• @JohnDvorak the question says "at least a few meters away" since its first version. This method could do for two or three meters. – Renan Apr 11 '18 at 20:45
• Judicious application of brute force is a great phrase. Sounds very similar to the idea of "percussive maintenance". – brichins Apr 12 '18 at 15:06
• This is no more nor less than a biological Tesla coil. Entirely feasible. – Brian Lacy Apr 12 '18 at 21:35

The horn has a tiny hole in the end. The unicorn can pump a saline solution out through this hole - like a spitting cobra or bombardier beetle - which acts as a conductive stream from horn to target.

Additionally, this liquid contains a paralytic agent, causing "tingles" that aren't actually caused by the initial, brief, jolt of electricity.

A unicorn has tall, non-conductive hooves, which prevent them from 'grounding', and protects them from accidental shocks. Young unicorns, who have not yet learned to completely control their bioelectric-capacitors yet, are thus prone to accidentally shocking themselves while eating.

• @marcelm I do not believe that is how a circuit works. If that was the case, then how would a cloud manage to discharge to ground? As in the answer provided by L.Dutch, the other animal will be the ground connection. The reason the unicorn itself doesn't get hurt might be because the current doesn't pass through any vital organs to get to their target. – Daniel Vestøl Apr 11 '18 at 14:43
• @marcelm A circuit needs to be complete so that the closed system stays balanced. It's push/pull like a pulley system - when an electron leaves at one end of a component, another enters at the other end. What you get here - and what electric eels / torpedo rays use - is more of an electrostatic discharge - since the system is already unbalanced, you get an entirely one-way flow to level them out (the shocker & the shocked) - like an overflowing bucket. There're already too many/few electrons in one component, so they just leave. – Chronocidal Apr 11 '18 at 14:56
• Static discharges are totally different than "circuits" with a (dynamic) current flowing through them. All that is required is two bodies at different potentials - you don't need a common ground or a "complete" circuit for current to return, since the potentials of the bodies are different before vs after the discharge. The difference in potential builds up indirectly, and separately (before) from the actual discharge (ie rubbing your feet on a carpet transfers electrons between you and the ground, then later on you touch a doorknob and get shocked). – dwizum Apr 11 '18 at 15:10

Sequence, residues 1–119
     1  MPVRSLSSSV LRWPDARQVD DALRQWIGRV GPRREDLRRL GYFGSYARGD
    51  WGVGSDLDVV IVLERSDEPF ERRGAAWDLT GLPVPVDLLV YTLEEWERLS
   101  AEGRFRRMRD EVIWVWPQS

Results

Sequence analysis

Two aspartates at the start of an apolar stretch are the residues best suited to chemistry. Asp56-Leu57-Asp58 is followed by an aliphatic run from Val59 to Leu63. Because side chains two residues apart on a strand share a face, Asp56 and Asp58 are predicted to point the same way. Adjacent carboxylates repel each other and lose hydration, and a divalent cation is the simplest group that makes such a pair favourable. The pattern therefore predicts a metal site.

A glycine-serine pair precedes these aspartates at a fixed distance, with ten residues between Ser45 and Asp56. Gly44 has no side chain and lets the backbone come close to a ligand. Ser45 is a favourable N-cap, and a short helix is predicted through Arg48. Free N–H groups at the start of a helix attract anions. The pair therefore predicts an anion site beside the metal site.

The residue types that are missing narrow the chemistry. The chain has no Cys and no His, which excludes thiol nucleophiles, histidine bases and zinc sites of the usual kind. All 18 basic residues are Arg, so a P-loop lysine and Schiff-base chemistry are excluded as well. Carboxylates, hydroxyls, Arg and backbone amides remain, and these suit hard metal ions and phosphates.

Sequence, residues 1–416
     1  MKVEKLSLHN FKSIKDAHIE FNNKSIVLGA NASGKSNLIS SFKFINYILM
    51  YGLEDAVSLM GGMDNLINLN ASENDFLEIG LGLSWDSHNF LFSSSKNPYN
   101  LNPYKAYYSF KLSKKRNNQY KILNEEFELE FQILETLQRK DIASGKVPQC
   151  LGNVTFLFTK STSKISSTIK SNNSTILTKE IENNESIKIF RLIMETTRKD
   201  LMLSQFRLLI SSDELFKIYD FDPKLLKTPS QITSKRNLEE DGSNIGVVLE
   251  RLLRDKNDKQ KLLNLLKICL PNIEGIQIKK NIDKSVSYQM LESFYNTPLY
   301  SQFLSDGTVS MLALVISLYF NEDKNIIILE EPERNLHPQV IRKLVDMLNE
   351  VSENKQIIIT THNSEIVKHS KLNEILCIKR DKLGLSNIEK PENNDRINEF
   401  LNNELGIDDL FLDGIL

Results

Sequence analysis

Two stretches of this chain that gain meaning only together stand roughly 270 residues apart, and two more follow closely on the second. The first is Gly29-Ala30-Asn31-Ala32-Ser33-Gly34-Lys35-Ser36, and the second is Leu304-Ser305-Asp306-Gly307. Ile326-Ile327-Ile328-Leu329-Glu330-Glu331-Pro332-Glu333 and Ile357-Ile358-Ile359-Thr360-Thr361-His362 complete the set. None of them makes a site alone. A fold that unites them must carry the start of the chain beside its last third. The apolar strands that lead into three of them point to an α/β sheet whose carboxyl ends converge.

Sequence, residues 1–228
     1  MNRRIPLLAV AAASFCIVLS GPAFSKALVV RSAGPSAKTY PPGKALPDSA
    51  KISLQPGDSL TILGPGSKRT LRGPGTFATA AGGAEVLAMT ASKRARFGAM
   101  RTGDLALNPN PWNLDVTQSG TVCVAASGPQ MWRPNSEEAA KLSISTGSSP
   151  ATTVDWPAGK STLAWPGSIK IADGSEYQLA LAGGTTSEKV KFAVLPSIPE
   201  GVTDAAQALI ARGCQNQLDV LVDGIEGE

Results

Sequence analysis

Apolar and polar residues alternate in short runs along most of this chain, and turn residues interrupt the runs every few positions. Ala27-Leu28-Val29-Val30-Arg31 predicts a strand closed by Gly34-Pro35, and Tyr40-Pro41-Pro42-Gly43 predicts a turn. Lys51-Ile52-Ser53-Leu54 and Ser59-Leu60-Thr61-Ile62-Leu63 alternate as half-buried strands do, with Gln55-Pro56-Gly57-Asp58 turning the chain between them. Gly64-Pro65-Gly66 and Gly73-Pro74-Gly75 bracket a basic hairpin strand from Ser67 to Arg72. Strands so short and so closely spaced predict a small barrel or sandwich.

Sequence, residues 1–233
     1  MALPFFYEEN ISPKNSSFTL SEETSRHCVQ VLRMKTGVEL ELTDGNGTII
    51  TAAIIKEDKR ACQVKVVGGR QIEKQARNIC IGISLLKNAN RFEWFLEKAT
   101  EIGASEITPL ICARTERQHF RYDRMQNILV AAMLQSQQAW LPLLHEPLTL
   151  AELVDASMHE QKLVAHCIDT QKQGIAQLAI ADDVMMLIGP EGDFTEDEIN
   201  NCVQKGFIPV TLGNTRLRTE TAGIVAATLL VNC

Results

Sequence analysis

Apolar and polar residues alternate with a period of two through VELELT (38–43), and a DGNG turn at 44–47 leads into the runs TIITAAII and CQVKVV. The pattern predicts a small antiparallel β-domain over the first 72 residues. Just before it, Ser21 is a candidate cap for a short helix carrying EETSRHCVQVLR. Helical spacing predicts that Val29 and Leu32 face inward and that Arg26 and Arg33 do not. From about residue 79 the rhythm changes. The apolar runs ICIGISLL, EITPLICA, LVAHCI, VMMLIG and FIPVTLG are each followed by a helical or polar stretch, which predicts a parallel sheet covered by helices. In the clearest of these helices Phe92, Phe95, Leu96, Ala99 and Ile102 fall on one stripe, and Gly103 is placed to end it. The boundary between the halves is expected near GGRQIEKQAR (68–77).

• @Chronocidal That is not how electric eels work. Their shocks are not electrostatic in nature, and their electric organs are much akin to battery cells. According to this picture (from this paper) they have a positive and a negative end, with current flowing between the two, completing the circuit. – marcelm Apr 11 '18 at 17:50
• A unicorn peeing through its horn. Cringe. – DonQuiKong Apr 12 '18 at 4:09

In order to avoid electrocuting itself it could simply have tissues that are highly conductive (potentially metal) as skin.

It will act as a Faraday cage leaving all other tissue mostly unharmed.

• Also means that the unicorn will leave charred hoof prints, nice. – Clumsy cat Apr 11 '18 at 13:29
• See comments on @Chronocidal's answer. During a static discharge, there is no "return path" for current. The electrons jump from the horn to the other object. They don't "flow back" to the horn - there are no electrons moving otherwise. There is no need for a Faraday cage, and there will be no burned hoof prints. There would, however, need to be a mechanism for the unicorn to "recharge" the horn, which would (presumably) be much slower and safer than the discharge - as is the case with electric eels, giving a balloon a static charge by rubbing on your hair, etc. – dwizum Apr 11 '18 at 15:14
• @dwizum consider this response focused on this part of the OP: "also how it prevents electrocuting itself or its own kind?" this way it will be largely immune to shocking itself and other unicorns – Bomaz Apr 11 '18 at 15:22
• Yes - but if we assume the shock mechanism is static discharge, then it literally can't shock itself, because it is the thing that is charged, it is the thing that needs to shed/gain electrons. Other unicorns are also safe by default, since they're all (presumably) charged the same - it would be like forcing the north poles of two magnets together. Electrons would never jump from one charged body to another body with the same charge. – dwizum Apr 11 '18 at 15:26
• This does raise an interesting story potential: if you were an enemy of the unicorn and wanted to "defeat" the mechanism, you could charge a decoy oppositely to the unicorns and use it as a sort of lightning rod. – dwizum Apr 11 '18 at 15:28

## The sparks just travel through the air.

Why would this be a problem? No, air isn't as conductive as water. But electricity can travel through the air for several miles at sufficient voltages. Machines can generate sparks multiple meters long. Even the tiny static spark that you get from rubbing your sock on the carpet and touching a grounded object can be three or four centimeters.